Giggs vs Maldini - football's greatest ever one-club stars

The Manchester United midfielder broke the former AC Milan man's appearance record on Monday night as he played his 903rd match for the Red Devils.

With football becoming driven by money more and more each year, the habit of breeding your own players appears to be one that is becoming less important, particularly for the bigger clubs as they look to gain immediate success. But there are two players that epitomise just what can be brought through the ranks.

Paolo Maldini and Ryan Giggs are arguably the first two names you think of when someone refers to a 'one-club man', with both players spending their entire careers at AC Milan and Manchester United respectively.

On Monday night, Giggs broke Maldini’s record for appearances at a top European club, playing his 903rd official match for United 21 years after his first and he doesn’t look like stopping anytime soon, with his 1000th appearance surely somewhere on the horizon.

With players moving between clubs almost as often as they change boots, the cliche that 'one-club players are a dying breed' has become commonplace. Yet like most cliches, it does have an aura of realism to it, with both Maldini and Giggs likely to retain their respective club records until way beyond their eventual passing due to the interchanging nature of modern day football.

In the light of Giggs' recent achievement, get comfortable as looks at the careers of two all-time greats...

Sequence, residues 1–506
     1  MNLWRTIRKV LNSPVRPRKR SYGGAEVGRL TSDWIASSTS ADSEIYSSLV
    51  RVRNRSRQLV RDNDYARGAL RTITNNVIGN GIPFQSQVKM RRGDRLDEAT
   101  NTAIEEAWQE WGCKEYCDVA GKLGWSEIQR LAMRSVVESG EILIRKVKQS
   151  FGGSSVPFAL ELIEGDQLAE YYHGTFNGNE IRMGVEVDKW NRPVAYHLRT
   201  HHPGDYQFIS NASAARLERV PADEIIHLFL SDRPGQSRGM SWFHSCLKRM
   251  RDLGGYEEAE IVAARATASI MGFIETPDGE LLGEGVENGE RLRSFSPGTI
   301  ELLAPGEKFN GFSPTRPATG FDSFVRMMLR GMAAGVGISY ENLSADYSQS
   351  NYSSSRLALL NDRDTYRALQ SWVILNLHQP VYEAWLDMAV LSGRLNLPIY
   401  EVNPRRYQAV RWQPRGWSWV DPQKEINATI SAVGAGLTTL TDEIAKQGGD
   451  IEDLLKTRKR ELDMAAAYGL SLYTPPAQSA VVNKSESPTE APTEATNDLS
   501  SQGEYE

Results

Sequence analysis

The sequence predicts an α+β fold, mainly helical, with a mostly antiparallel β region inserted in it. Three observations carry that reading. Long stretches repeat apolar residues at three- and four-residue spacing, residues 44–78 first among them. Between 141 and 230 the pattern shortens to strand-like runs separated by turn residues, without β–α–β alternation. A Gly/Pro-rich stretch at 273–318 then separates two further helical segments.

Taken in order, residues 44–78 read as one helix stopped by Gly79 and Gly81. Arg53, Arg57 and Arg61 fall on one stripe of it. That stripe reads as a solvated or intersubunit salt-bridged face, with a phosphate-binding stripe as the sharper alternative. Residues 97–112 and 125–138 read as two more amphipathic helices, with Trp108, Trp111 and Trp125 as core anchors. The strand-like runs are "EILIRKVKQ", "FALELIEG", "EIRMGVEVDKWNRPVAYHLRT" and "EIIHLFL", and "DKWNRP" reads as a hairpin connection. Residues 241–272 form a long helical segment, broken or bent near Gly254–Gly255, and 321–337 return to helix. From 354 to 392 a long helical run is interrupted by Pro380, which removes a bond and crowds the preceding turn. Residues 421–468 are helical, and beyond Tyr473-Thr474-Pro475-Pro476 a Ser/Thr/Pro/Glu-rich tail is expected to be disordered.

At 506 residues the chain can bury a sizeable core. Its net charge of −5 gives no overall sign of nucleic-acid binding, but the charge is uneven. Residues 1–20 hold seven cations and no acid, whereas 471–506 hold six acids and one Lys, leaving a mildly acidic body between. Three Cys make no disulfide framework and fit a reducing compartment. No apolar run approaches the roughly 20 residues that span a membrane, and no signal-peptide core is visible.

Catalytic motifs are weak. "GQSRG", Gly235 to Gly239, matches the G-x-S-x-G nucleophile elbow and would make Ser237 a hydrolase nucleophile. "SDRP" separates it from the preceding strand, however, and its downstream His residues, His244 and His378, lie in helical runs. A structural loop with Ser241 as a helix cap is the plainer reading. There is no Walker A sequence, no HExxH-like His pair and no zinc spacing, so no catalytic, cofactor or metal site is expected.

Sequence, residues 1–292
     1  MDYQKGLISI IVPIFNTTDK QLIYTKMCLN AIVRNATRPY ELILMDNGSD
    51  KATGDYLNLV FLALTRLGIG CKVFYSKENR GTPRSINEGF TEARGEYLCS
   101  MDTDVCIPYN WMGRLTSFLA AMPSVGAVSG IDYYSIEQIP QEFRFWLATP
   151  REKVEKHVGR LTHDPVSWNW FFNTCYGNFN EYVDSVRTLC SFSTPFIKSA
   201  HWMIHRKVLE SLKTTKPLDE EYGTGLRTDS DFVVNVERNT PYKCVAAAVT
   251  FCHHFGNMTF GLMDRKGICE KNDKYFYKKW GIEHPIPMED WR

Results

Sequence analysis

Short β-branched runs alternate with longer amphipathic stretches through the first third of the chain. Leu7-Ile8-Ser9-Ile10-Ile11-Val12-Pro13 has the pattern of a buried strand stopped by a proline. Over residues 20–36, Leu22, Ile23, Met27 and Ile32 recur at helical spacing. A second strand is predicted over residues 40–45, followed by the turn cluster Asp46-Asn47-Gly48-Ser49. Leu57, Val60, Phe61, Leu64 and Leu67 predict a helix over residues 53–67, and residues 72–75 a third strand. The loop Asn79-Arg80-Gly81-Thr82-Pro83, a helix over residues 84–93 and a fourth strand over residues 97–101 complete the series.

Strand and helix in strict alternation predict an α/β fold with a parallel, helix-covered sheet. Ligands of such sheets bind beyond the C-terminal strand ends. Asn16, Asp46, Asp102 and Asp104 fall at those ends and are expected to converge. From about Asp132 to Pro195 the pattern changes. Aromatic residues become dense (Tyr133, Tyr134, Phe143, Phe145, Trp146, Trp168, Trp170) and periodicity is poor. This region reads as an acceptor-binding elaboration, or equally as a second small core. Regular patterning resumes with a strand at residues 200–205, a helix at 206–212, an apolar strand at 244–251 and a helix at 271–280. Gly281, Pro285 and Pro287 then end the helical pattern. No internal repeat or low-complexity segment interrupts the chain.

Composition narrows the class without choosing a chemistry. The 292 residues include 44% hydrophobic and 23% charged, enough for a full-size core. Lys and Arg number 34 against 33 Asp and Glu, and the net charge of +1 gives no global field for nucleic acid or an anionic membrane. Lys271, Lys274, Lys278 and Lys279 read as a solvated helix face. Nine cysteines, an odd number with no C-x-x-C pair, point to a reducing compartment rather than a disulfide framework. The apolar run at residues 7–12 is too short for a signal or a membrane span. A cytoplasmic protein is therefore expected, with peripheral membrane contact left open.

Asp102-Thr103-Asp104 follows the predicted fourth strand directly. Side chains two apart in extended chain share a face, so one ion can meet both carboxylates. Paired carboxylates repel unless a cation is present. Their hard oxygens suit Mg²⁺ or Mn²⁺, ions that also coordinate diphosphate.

Years active: 1991-present
Appearances: 903
Honours: 33
Goals scored: 163

PFA Players' Player of the Year 2008-09
BBC Sports Personality of the Year 2009
OBE for services to football - 2007

Fact: Remains the only player to have played and scored in every Premier League season.

Fact: Premier League record appearance holder.


"Giggs is truly world class." - Zinedine Zidane

"I have cried twice watching a football player, the first was Roberto Baggio and the second was Ryan Giggs ." - Alessandro Del Piero

"Eric Cantona is a great player, but he's not as good as Ryan Giggs." - Johann Cruyff

Few clubs have seen the same amount of domestic and European success as Manchester United over the past 20 years or so, winning 12 Premier League titles, two Champions Leagues, a host of FA and League Cups, but people forget there was a significantly drier spell beforehand.

It took Sir Alex Ferguson a few years to turn United into title contenders and Giggs has been around since the very beginning of this successful period, making his debut as a 17-year-old in March 1991 before the Red Devils picked up their first Premier League triumph in 1993.

A stat that really shows the Welshman’s longevity is that he is the only player to have appeared and scored in every Premier League season and it is his career that seems to sum up post-1990 Manchester United.

In terms of defining moments, his first goal for the club couldn’t have come in a bigger fixture, as the then 17-year-old scored the winner against Manchester City in May 1991, while his 1999 FA Cup semi-final goal against Arsenal will be remembered as arguably his greatest, as he singlehandedly weaved through the Gunners’ defence before scoring and revealing his impossibly hairy chest as he celebrated.

The former Wales captain picked up his first Champions League winners medal the same year as he was a key part of United’s treble winning side, despite a comparatively injury-stricken season.